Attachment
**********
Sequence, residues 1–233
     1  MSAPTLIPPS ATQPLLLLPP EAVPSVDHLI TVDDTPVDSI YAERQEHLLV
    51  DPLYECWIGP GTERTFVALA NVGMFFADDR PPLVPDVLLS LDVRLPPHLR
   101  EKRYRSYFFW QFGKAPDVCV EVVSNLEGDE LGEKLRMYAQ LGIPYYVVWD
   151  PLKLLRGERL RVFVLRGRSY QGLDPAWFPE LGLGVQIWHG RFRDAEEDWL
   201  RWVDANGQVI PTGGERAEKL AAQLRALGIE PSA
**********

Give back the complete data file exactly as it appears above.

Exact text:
Sequence, residues 1–233
     1  MSAPTLIPPS ATQPLLLLPP EAVPSVDHLI TVDDTPVDSI YAERQEHLLV
    51  DPLYECWIGP GTERTFVALA NVGMFFADDR PPLVPDVLLS LDVRLPPHLR
   101  EKRYRSYFFW QFGKAPDVCV EVVSNLEGDE LGEKLRMYAQ LGIPYYVVWD
   151  PLKLLRGERL RVFVLRGRSY QGLDPAWFPE LGLGVQIWHG RFRDAEEDWL
   201  RWVDANGQVI PTGGERAEKL AAQLRALGIE PSA